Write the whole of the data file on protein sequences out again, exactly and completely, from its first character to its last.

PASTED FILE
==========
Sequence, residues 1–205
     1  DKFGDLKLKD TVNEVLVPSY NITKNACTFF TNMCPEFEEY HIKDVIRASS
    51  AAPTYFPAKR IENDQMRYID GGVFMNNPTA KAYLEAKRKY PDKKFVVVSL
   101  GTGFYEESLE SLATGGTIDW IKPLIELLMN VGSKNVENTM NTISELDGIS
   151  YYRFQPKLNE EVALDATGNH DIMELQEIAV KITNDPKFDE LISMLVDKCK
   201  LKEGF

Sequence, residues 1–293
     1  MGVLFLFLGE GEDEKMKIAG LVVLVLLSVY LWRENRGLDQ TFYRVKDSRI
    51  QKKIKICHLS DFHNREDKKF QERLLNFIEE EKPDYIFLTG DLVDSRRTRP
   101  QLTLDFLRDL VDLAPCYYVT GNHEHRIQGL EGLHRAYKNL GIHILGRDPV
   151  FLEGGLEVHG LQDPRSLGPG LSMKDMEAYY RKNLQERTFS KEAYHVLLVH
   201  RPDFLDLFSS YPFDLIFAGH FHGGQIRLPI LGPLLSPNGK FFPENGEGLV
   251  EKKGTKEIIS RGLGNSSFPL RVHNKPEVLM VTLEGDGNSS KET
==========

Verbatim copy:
Sequence, residues 1–205
     1  DKFGDLKLKD TVNEVLVPSY NITKNACTFF TNMCPEFEEY HIKDVIRASS
    51  AAPTYFPAKR IENDQMRYID GGVFMNNPTA KAYLEAKRKY PDKKFVVVSL
   101  GTGFYEESLE SLATGGTIDW IKPLIELLMN VGSKNVENTM NTISELDGIS
   151  YYRFQPKLNE EVALDATGNH DIMELQEIAV KITNDPKFDE LISMLVDKCK
   201  LKEGF

Sequence, residues 1–293
     1  MGVLFLFLGE GEDEKMKIAG LVVLVLLSVY LWRENRGLDQ TFYRVKDSRI
    51  QKKIKICHLS DFHNREDKKF QERLLNFIEE EKPDYIFLTG DLVDSRRTRP
   101  QLTLDFLRDL VDLAPCYYVT GNHEHRIQGL EGLHRAYKNL GIHILGRDPV
   151  FLEGGLEVHG LQDPRSLGPG LSMKDMEAYY RKNLQERTFS KEAYHVLLVH
   201  RPDFLDLFSS YPFDLIFAGH FHGGQIRLPI LGPLLSPNGK FFPENGEGLV
   251  EKKGTKEIIS RGLGNSSFPL RVHNKPEVLM VTLEGDGNSS KET